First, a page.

I find him very clear and useful. If the interviews I have heard are any indicator, then I am going to buy and read this book ASAP, and I am sure I will start to teach from it.
Wright provides a useful antidote to the damage done to many Christian's thinking about death and the life after death that modern pre-millennialism has done, particularly through the "Left Behind" series and that related school of thought.
He also a fills the void of silence that most Christians experience because they never hear in any kind of detail the doctrine of the Christian Hope except in snippets of the liturgy, particularly some Eucharistic prayers, parts of the Easter Vigil and in the Burial Office.
As Wright says, people are left to fill in the blanks. And that can be confusing, painful and difficult.
I found after many years in both parish ministry and clinical chaplaincy, that the Church can be very silent on this subject. Leaving the subject of Christian hope until a mumbled afterthought at the time of death is too little and is often forgotten in the interior noise and injury of acute grief.
Frankly, we mainline Christians are allergic to talk about life after death. Some of us don't want to talk about things we don't know about--we don't want to speculate. Many of us don't want to sound like we are preaching "fire and brimstone" to scare people into heaven. I am sure that some of us don't see the point. Maybe I've had too much CPE, but I wouldn't be surprised because we don't want to teach or talk about something that we may still have ambivalent feelings about: death.
So instead we fall back on teaching the tools to cope with and work through the grieving process.
Having been trained in helping people through their grieving process, I find that the therapeutic work--as useful and as powerfully healing as it can be-- is only one part of the whole picture. All the research tells us that successful grieving depends on the meaning the mourner assigns to the death. To give death meaning is to give life meaning.
Slave-holders would dispose of bodies without ritual. The Nazis did the same with the millions they killed in the Holocaust. They knew that to de-value death was to de-value the living.
That's why the pastoral ministry of Christian communities, clergy and chaplains is so very important. We can help bring meaning to life by bringing meaning to death. That is one reason that the Christian hope is so important.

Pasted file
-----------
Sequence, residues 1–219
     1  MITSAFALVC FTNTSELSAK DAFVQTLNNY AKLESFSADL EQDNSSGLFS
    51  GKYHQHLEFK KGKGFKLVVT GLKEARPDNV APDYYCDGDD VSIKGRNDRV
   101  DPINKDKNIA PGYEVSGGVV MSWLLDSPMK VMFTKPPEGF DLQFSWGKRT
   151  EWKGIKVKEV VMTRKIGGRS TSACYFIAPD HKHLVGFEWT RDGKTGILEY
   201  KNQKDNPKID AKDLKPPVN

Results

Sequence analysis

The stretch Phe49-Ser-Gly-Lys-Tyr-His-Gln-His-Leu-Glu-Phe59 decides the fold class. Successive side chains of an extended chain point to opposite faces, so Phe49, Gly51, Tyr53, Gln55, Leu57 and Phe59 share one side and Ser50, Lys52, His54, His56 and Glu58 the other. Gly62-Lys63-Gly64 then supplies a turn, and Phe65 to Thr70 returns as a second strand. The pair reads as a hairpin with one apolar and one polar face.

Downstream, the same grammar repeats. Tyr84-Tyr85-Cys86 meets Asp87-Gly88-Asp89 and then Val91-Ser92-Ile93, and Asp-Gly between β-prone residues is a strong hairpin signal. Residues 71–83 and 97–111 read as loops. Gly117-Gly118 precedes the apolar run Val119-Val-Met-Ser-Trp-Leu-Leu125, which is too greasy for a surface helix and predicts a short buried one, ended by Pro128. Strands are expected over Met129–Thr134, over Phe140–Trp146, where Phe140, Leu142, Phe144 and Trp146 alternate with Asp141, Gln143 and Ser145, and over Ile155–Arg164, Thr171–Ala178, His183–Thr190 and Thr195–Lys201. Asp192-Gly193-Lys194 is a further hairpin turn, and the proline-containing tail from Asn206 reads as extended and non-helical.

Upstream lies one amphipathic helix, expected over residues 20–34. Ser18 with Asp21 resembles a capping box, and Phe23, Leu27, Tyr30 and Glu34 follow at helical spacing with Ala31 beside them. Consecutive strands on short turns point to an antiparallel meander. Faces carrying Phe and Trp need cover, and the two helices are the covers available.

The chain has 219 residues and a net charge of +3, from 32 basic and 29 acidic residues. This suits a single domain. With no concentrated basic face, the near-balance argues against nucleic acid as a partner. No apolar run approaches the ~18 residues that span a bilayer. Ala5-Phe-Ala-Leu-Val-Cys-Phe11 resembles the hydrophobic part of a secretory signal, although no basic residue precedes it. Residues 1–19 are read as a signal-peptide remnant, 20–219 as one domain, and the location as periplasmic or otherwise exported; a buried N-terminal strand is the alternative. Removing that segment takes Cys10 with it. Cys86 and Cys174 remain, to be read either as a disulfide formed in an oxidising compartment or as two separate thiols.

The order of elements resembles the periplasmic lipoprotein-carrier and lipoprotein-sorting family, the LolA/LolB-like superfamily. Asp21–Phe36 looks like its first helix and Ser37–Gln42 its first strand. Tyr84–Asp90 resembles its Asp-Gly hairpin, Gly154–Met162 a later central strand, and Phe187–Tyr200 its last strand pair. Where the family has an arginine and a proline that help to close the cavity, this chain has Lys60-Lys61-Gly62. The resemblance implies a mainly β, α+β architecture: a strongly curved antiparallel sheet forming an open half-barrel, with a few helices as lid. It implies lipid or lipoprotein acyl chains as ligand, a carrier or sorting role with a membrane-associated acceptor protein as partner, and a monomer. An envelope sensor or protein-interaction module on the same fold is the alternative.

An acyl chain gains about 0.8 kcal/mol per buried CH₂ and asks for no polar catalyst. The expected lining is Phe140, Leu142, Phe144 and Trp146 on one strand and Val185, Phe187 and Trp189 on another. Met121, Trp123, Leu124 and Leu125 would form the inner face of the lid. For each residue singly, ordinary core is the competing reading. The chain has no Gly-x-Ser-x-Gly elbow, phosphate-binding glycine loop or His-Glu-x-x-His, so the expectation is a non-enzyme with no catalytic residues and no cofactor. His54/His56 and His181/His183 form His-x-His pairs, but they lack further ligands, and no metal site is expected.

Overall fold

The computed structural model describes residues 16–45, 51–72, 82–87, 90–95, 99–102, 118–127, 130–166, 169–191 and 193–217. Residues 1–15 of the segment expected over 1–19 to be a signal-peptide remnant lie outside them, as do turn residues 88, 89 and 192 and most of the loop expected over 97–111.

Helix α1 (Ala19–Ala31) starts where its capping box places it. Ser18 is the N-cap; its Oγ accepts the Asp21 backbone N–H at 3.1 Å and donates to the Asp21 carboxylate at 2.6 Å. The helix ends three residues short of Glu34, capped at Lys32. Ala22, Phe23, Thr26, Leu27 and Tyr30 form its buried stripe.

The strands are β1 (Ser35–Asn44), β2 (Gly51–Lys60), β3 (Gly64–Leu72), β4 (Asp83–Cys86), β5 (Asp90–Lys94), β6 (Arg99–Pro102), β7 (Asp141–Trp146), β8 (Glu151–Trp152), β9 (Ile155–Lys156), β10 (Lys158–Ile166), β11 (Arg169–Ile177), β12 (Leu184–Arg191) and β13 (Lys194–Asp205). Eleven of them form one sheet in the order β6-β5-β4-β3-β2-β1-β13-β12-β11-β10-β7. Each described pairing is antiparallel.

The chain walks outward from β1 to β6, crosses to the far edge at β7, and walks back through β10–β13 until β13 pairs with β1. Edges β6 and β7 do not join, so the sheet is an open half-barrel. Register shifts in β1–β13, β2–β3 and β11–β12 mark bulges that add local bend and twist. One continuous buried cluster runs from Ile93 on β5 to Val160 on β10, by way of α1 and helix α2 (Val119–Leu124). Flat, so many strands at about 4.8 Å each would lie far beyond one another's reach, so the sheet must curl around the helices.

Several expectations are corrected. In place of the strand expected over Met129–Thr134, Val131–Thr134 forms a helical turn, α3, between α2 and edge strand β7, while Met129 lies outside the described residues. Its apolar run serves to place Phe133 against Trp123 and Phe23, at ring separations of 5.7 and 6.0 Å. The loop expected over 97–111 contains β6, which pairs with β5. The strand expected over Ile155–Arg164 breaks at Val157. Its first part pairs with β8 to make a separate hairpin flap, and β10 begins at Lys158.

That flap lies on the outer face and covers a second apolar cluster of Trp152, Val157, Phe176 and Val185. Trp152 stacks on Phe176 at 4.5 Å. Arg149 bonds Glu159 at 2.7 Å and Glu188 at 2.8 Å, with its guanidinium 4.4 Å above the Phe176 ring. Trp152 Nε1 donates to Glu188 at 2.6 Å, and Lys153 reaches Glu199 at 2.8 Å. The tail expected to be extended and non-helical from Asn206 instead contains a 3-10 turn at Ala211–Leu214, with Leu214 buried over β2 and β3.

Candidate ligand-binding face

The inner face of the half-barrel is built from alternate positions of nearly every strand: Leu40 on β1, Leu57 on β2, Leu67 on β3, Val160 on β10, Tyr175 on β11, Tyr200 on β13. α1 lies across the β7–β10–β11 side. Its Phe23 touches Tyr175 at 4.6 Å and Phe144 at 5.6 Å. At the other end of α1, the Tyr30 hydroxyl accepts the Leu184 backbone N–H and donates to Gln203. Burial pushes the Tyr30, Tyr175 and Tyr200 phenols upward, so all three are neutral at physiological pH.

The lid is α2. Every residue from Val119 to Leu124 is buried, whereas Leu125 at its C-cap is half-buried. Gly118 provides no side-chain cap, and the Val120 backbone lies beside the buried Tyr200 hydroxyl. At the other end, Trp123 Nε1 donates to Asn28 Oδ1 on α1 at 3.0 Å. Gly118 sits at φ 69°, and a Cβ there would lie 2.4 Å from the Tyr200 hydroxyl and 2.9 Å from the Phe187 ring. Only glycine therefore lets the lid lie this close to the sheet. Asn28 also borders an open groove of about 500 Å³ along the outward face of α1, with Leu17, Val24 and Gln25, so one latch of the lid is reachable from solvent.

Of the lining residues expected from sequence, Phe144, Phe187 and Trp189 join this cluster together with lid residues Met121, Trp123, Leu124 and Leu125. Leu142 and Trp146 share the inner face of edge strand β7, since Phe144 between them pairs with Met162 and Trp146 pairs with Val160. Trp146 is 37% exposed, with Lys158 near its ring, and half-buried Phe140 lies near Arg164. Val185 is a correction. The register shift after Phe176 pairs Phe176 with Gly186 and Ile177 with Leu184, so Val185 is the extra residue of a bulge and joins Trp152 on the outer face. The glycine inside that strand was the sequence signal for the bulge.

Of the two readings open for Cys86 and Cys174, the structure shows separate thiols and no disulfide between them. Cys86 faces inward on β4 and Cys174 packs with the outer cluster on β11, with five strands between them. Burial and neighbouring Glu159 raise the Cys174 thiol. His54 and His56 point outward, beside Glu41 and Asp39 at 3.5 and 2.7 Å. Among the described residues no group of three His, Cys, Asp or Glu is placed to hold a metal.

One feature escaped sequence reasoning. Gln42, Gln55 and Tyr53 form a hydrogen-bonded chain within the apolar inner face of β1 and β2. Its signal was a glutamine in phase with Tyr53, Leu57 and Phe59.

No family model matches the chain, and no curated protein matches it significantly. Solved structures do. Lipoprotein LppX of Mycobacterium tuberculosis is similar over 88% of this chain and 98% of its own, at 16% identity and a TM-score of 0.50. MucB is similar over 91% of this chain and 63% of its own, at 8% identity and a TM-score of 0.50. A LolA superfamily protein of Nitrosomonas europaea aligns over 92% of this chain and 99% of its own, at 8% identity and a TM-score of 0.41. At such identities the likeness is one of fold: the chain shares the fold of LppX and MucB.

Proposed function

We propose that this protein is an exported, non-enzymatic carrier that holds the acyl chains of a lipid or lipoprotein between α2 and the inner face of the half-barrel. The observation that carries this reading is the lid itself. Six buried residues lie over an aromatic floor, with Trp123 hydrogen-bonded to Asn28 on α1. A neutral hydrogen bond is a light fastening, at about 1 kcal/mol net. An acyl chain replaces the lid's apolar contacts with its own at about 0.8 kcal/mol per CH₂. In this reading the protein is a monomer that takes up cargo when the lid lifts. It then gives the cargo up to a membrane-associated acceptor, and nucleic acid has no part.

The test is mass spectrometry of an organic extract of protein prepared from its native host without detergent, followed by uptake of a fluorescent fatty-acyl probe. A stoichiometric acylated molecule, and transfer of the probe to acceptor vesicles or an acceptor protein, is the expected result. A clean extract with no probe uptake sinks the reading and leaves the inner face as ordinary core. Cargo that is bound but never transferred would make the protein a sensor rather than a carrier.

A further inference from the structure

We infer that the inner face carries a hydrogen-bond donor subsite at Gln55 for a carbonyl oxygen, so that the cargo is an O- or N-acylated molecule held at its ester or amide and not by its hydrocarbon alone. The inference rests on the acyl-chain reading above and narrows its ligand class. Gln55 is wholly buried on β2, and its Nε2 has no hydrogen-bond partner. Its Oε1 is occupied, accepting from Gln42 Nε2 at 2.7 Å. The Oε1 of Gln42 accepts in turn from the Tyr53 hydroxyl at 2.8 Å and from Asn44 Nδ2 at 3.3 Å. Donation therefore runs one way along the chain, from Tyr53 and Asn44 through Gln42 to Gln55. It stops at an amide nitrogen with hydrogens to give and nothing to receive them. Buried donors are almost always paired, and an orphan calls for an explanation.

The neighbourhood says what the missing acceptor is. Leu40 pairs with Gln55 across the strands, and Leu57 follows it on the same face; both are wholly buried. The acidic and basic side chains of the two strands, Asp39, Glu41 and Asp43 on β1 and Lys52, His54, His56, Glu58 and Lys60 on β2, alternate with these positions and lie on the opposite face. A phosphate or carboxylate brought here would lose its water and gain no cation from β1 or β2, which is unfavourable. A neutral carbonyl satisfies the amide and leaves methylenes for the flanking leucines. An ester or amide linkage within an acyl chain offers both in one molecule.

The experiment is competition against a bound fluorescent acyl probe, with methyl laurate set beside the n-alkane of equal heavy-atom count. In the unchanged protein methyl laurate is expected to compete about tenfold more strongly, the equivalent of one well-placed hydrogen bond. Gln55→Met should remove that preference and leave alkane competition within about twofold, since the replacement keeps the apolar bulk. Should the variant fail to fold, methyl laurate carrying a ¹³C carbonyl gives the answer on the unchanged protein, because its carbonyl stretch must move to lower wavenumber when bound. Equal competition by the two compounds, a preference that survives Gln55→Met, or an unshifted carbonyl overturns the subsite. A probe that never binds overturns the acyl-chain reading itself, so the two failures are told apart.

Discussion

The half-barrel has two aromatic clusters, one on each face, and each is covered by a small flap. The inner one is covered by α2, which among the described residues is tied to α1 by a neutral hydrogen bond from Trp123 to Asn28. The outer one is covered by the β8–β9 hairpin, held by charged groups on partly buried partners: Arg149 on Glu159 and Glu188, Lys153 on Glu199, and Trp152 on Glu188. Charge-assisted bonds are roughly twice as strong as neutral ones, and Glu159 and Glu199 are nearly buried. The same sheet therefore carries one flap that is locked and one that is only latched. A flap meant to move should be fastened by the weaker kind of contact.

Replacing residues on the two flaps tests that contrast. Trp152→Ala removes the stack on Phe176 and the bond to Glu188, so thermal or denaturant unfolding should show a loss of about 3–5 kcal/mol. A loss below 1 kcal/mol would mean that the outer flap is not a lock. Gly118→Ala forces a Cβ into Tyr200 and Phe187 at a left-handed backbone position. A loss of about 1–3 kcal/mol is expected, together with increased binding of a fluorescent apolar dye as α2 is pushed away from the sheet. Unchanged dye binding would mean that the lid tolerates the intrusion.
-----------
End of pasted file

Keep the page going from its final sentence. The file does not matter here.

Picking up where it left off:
For Christians to remember that in Christ God is not only wiping a moral slate clean but is redeeming and renewing all of creation is a profound statement of hope.
I believe that we can talk about and teach Christian hope in it's fullness, particularly what it means as baptized people to be taking part in God's unfolding redemption of creation, particularly the centrality of the cross and resurrection, as a profound sign of hope.
Here are some excerpts of the interview:
"Time was when in the old funeral services people used to talk about the sure and certain hope of the resurrection of the dead," said Wright. "If you took a straw poll across many, certainly mainline churches now, that would be replaced by a vague and fuzzy imagination that there may be a long and winding road going somewhere we're not quite sure."and...
"I think we have allowed ourselves to drift in what we say about the dead," Wright said."There are a lot of funeral services sadly which go that route these days, [where] death is nothing at all, I've just slipped away into the next room and so on. Anyone who's grieved and anyone who's worked with anyone who's grieved knows that it's a lie. Death is a monster, death is horrible."and...
"I've often put it like this, if somebody you know has been very ill, you say, 'Poor old so and so, he's just a shadow of his former self.' And the extraordinary truth in the New Testament is that if you are in Christ and dwell by the spirit you are just a shadow of your future self," Wright said. "There is a real you to which the present you corresponds as a photocopy corresponds to the glorious original. You know, there is a real you, which God is going to make and it will be more physical -- more real, not less."From the transcript of the interview, Martin Bashir writes:
Wright hopes that his new book will revive belief in the prospect of a new, physical heaven and earth, which he says will somehow materialize when God decides to rebuild and restore the universe -- "Heaven and earth joined together in a new reality."
But this interpretation is the exact opposite of what many American Christians believe. The hugely successful Left Behind series of movies and books is an acopalyptic vision of the end of the world -- a view shared by many evangelicals. According to those who believe it, the end of the world will start with the so-called "rapture," when all Christians will be taken up to heaven in one momentous swoop. The earth then enters a period of cataclysmic wars until it eventually disintegrates, in a final chapter of fire. Wright says that is more mythical than Biblical.
"It's a myth," Wright said. "It is an attempt to make sense of some bits of the New Testament. It was always the literature of the dispossessed ... it's now become the literature of the rich masses in parts of America."
"If you really believe that what happens at death is that you leave behind the world of space, time and matter, you are never going to be bothered with it again, you're never going to have a physical body again and that ultimately God is going to throw this whole world on the rubbish heap somewhere, then what's the fuss to work for justice in the present?" he said. "What's the fuss about AIDS, what's the problem about global debt, you know these are trivial and irrelevant. What matters is whether you're going to heaven tomorrow or next week."See the interview here.
Here is the transcript of the piece.
Here is a piece from Time magazine.
Hat tip to TitusOneNine